Four in 10 in Need of Social Care in Wales Did Not Access Services During Pandemic Study Reveals

As many as four in 10 people in Wales who may have needed social care did not access its services during the Covid-19 pandemic, according to a new report.

Commissioned by Senedd Cymru (Welsh Parliament) and led by Dr Simon Williams of Swansea University, the study explored public attitudes and experiences of social care in Wales two years on from the start of the pandemic.

The study, which involved a survey of 2,569 respondents in Wales and a series of focus groups, found that the Covid-19 pandemic hit social care hard, exacerbating the social care crisis, and intensifying pressure on the workforce.

The study’s key findings reveal that:
• Four in 10 people who felt that they or someone in their household or close family needed social care during the past two years did not receive or make use of it.
• The pandemic was cited as a major reason why many of those who may have needed social care didn’t access it – either out of fear of contracting Covid or because they didn’t want to burden social care services that were experiencing significant pressures.
• Satisfaction with social care was variable, with approximately one-third either very or quite dissatisfied, and a little over half either very or quite satisfied with social care services for themselves or a household or close family member.
• Among those who felt that they or someone in their household didn’t receive or make use of social care despite needing it, the most common reasons people gave included: lack of availability or staff shortages (22%), not fitting eligibility criteria (17%), feeling too proud to access care (15%) and the application process being too complicated (10%).
• Most of the respondents (86%) felt that the social care system in Wales needs reform, and 94% of said that it should be a priority for the UK and Welsh Governments.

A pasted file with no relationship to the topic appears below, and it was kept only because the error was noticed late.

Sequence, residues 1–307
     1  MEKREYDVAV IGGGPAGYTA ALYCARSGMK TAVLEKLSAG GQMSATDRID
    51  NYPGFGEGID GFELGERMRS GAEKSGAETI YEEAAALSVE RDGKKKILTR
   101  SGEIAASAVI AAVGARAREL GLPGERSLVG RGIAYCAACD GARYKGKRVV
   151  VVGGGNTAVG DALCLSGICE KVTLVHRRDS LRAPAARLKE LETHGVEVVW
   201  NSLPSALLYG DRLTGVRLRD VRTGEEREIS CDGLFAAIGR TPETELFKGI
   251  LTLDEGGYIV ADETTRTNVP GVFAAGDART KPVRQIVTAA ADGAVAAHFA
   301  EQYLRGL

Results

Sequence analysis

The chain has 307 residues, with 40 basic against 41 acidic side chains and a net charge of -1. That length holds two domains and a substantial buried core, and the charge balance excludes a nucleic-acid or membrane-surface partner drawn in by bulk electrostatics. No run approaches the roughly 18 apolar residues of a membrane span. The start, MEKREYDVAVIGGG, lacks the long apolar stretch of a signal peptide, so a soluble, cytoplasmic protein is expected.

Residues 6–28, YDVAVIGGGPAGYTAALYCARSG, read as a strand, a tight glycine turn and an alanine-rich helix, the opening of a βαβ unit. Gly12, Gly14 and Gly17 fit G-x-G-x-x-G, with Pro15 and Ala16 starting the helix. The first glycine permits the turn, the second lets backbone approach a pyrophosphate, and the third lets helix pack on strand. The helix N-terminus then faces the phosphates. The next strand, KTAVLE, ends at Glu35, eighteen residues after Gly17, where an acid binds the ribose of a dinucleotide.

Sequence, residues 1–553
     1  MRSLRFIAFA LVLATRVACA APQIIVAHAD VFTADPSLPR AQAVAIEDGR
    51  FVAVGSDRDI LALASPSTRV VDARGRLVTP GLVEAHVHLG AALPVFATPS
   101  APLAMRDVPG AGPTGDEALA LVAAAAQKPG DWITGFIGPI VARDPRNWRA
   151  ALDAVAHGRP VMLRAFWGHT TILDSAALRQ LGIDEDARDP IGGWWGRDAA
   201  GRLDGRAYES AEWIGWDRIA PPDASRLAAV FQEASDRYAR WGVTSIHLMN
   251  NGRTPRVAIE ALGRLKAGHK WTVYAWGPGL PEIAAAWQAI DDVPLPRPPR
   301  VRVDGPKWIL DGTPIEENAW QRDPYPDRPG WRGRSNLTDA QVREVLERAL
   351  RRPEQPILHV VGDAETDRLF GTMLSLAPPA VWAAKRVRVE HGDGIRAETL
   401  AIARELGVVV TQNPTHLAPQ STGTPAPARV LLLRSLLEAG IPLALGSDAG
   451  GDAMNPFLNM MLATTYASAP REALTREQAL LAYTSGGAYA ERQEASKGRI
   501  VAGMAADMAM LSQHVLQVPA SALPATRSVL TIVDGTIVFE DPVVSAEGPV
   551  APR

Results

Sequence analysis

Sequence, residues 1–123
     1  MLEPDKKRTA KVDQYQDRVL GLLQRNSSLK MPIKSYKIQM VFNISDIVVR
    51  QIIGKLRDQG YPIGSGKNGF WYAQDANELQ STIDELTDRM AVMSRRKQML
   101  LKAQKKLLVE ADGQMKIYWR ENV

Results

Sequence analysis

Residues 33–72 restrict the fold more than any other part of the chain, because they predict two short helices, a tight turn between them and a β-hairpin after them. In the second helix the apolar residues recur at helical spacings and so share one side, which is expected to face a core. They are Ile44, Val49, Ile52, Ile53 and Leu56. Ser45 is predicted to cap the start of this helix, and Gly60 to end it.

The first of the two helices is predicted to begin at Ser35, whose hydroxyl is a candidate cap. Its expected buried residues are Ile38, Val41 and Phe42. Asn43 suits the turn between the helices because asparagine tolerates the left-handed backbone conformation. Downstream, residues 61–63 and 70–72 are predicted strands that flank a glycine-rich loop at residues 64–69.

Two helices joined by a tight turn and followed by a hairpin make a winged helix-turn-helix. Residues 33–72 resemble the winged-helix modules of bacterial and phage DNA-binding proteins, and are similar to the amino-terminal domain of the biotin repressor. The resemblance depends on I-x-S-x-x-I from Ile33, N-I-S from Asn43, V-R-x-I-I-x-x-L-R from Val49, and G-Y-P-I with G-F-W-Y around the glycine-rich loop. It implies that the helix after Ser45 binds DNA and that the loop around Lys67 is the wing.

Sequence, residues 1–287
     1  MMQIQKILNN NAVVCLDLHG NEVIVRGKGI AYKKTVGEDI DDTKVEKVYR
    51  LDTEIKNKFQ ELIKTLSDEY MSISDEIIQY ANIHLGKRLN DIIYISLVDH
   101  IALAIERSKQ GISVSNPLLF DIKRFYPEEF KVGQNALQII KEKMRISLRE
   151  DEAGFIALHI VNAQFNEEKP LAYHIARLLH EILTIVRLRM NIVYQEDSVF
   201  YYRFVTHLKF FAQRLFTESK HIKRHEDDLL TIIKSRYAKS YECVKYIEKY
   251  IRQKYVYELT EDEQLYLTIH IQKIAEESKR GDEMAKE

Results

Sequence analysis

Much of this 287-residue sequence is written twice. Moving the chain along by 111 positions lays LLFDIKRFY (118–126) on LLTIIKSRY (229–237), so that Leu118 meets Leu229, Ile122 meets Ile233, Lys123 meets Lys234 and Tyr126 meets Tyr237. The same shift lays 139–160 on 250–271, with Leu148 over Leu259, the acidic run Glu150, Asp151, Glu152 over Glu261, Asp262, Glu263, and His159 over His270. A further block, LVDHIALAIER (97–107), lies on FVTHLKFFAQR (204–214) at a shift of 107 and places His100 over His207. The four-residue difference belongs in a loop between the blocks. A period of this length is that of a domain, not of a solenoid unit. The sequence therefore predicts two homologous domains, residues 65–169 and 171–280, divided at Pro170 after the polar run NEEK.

In the focus groups, participants argued that there is a need for consistency in the social care received, more personalised care, better integration between health and social care, and a need for more investment in social care. Some felt that reform should see the integration of social care into the NHS, while others argued for the establishment of a separate national care service.

Dr Williams said:

“It is concerning that approximately four in 10 of those feeling in need of social care did not receive or make use of social care services. Social care policymakers and providers should seek to understand and address what people feel are the main barriers to accessing or using social care, including increasing provision for those who need it, encouraging and enabling those who feel they need social care to apply, consider broadening the eligibility criteria where appropriate, and simplifying the application process.

“As with healthcare services, another challenge for social care services may be the need to address a potential backlog in those needing care, who were either unable to access services due to restrictions or staff shortages, or did not want to apply because they were concerned about infection risk or did not want to bother services.”

 

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